Juvenile Delinquency Treatment
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It took many years of reforms to come up with appropriate means of treating juvenile offenders. Juvenile offenders include minors committing criminals act. Criminal act involves the omission or commission of any act that violates the state rules and leads to punishment. Children below 18 years commit criminal acts similar to those of an adult, but the age brings out the difference. Earlier, the adults and children committing criminal acts were treated the same way, but by 19th century, many reforms took place in the criminal justice system. Those reforms involved separation of juvenile and adult offenders which resulted to the establishment of different courts to carry out juvenile and adult trials. After 19th century, children and adult offenders were not punished the same way. The reforms were set to help in rehabilitation and making sure that juvenile offenders do not reoffend.
Houses of Refuge
Reformers started the process by building up houses of refuge. Reformers noted the hardship and corruption the youth experienced while in the same jail with the adults. As a result, they proposed to create a house of refuge. The first establishment took place in 1825, in New York followed by 53 more around the country. Houses of refuge hosted juvenile delinquents, poor, orphans and incorrigible children. The house of refuge in New York hosted more than 1,000 children (Michelle, 2010). The house created enough room for juvenile delinquents making sure that they were not jailed in the same place with the adult. Establishment of houses of refuge helped in separation of adult and children offenders. This reduced the unlawful acts which existed in prison leading to adaptation of criminal behavior instead of reformation.
Brutality, deplorable condition and overdrawing cases were reported from the houses of refuge which led to the establishment of industrial or training schools. In 1947, Massachusetts opened the first industrial school for boys and in 1856 for girls. The schools concentrated on vocational training and schooling. Building of the school took place in rural areas since people argued that cities acted as centers for temptations, encouraging many youths to involve in delinquent behavior. In 20th century, many reforms took place in the industrial schools. Reformers brought about things like, new types of therapy, improvement of the education programs, evolution of individual treatment and diagnosis. Currently, many countries use training schools for rehabilitating juvenile offenders (Robert, 2011).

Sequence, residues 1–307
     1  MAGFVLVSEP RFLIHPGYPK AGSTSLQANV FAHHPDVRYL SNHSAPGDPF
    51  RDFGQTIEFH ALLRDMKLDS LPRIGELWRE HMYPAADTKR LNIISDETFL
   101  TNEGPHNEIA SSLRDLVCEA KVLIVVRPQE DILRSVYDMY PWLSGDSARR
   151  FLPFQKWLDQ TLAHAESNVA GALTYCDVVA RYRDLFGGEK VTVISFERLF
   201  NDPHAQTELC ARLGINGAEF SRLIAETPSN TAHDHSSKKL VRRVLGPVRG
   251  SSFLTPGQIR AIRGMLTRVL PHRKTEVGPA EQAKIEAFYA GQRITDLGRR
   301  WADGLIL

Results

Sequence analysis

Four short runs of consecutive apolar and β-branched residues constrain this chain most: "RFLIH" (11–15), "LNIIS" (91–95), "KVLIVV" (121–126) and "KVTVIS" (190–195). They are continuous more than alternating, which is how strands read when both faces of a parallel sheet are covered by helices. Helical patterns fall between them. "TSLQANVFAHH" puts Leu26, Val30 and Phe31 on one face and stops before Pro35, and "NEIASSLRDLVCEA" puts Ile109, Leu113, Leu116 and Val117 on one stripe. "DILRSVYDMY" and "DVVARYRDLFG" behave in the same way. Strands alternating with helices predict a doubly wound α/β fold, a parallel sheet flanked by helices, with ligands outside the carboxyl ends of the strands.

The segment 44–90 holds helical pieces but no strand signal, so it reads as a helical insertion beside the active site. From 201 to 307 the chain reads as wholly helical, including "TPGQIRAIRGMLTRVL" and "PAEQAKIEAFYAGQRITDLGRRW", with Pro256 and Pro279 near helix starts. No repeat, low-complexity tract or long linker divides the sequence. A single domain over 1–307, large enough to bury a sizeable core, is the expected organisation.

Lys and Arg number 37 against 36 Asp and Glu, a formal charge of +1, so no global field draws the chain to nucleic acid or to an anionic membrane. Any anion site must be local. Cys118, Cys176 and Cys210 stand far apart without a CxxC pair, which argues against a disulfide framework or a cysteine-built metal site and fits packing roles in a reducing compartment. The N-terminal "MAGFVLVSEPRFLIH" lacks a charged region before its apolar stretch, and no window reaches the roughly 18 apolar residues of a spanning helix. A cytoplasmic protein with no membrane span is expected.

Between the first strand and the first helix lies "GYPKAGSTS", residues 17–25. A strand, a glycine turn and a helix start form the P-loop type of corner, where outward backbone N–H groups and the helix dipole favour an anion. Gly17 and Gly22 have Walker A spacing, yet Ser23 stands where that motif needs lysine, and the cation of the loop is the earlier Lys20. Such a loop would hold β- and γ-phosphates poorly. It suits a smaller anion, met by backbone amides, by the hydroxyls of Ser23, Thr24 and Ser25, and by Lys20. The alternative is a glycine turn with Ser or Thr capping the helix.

The industrial schools have enabled many youth to reform without reoffending. The schools enable children to gain skills and experience, which helps them in the future. After completion of the term, each child goes back to the society to start up work. In same states, the government provides facilities to the freed offenders to create self employment business. The training schools make the children busy all the time. This limits the changes of practicing or thinking about criminal activities. After rehabilitation, the child gains new skills, which keep him/her busy in the society (Larry, 2010). This enables the child not to interact with other people who victimize them, reminding about their previous experiences. The skill from industrial schools enables the offenders to start up self employment and earn their living.